The attorney general’s office said it has obtained a court order directing iFinex to stop moving money from Tether’s reserves to Bitfinex’s bank accounts, halt any dividends or other distributions to executives and turn over documents and information. The coverup drained at least $700 million from Tether’s reserves, according to the attorney general’s office.

Attorneys for iFinex didn’t immediately respond to a request for comment, and representatives of Bitfinex and Tether weren’t immediately available.

The attorney general’s findings emerged from an investigation into cryptocurrency exchanges that it launched in 2018 and is continuing. A report in September warned that many exchanges lacked basic safeguards and left consumers vulnerable to exploitation by market manipulators.

A so-called stablecoin, Tether is purportedly backed one-to-one by U.S. dollars. Yet the firm has never released a public audit showing it has the reserves to back the coins in circulation, leading many to question whether the funds exist.

Tether has marketed the coin as a way to get both the safety of the dollar and the speed and anonymity of a digital currency. Its market value has risen steadily over the past two years, to $2.8 billion from about $10 million at the beginning of 2017.

It has become a major source of liquidity in the cryptocurrency market. About 80% of all bitcoin trading is done in Tether, according to data from research site CryptoCompare.

The attorney general said Bitfinex’s problems began in 2018, when it handed over $850 million to third-party payments processor Crypto Capital Corp. to handle customers-withdrawal requests. Over the months that followed, Panama-based Crypto Capital failed to process the orders, the attorney general said.

Representatives of Crypto Capital weren’t immediately available for comment.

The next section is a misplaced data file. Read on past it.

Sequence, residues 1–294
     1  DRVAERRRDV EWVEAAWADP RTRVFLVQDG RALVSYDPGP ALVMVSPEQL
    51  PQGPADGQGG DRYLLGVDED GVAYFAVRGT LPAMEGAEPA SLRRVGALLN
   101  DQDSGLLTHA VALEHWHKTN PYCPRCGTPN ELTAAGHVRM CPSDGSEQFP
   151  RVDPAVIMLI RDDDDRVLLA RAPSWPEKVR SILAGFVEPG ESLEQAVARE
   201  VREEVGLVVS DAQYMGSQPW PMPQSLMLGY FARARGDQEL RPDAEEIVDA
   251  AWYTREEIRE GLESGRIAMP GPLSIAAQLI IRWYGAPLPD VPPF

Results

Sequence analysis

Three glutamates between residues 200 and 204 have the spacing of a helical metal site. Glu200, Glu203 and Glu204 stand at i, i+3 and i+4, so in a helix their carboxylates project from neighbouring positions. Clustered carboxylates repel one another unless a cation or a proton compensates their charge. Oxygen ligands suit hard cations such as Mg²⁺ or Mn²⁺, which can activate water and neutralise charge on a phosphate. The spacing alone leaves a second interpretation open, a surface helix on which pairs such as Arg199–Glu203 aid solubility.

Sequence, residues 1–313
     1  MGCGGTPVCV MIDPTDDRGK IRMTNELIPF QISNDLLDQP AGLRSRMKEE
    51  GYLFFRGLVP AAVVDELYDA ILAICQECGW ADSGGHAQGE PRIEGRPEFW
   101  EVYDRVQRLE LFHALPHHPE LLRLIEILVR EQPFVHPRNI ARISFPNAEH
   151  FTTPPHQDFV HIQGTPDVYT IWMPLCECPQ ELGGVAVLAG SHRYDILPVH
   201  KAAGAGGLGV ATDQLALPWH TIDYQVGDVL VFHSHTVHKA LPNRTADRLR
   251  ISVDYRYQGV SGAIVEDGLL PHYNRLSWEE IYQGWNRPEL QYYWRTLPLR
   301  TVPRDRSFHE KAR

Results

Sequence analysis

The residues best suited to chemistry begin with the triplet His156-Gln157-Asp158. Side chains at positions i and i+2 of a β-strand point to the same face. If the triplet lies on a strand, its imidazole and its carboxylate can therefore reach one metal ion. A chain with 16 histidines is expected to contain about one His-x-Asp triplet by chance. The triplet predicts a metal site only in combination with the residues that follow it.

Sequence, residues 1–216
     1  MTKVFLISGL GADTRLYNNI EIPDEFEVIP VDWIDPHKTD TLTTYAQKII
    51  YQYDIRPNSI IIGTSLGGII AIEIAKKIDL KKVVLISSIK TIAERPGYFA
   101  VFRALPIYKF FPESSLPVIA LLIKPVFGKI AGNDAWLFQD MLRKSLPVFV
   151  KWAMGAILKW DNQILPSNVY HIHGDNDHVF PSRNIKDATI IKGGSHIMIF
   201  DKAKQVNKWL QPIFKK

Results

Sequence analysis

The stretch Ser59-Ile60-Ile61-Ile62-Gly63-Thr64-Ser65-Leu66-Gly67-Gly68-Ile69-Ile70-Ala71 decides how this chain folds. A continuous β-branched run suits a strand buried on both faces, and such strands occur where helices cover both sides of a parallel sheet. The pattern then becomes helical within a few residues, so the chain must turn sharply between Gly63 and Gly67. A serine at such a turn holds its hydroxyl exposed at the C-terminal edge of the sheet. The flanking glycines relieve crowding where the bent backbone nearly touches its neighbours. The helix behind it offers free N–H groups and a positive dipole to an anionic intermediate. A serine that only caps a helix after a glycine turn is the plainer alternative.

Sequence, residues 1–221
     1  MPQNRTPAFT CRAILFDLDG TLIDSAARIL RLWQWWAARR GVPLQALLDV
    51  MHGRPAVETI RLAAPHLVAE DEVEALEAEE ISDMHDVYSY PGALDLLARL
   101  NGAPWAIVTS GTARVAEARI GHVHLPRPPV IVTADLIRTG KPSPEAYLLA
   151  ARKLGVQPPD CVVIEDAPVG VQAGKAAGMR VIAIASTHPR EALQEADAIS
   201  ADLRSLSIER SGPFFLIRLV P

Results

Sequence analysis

By November of that year, according to people close to the attorney general’s investigation, Bitfinex determined that it had permanently lost access to the $850 million. To hide the missing funds, Bitfinex and Tether engaged in a series of maneuvers that drained Tether’s reserves, the people said.

A gap of that size would represent a major portion of Tether’s reserves. Tether currently claims on its website that the coins it issues are backed by reserves that include currency, cash equivalents and other assets and receivables. The language was altered in March; it previously claimed the reserves were 100% in currency.


When I was a kid, a comedian, possibly Carlin, lamented that it was "too bad that stupidity didn't hurt". In this age of disruption and the snake oil that seems to go along with it, it appears that is exactly what stupidity does. Hurt.

That's some serious bravado and optimism. Why the fuck would you ever move that much money at once? They should not have transferred a penny more than the monthly volume at a time. Was the volume $850 million a month? I seriously doubt it.


"Here is most of a billion dollars upfront, that should give you plenty of funds to process my withdraws, looking forward to doing business with you!".

Yeah, sure.


This reads like 850M just went straight to some entity in Panama.

"Missing". Please.

Conveniently, in Panama too.


> This reads like 850M just went straight to some entity in Panama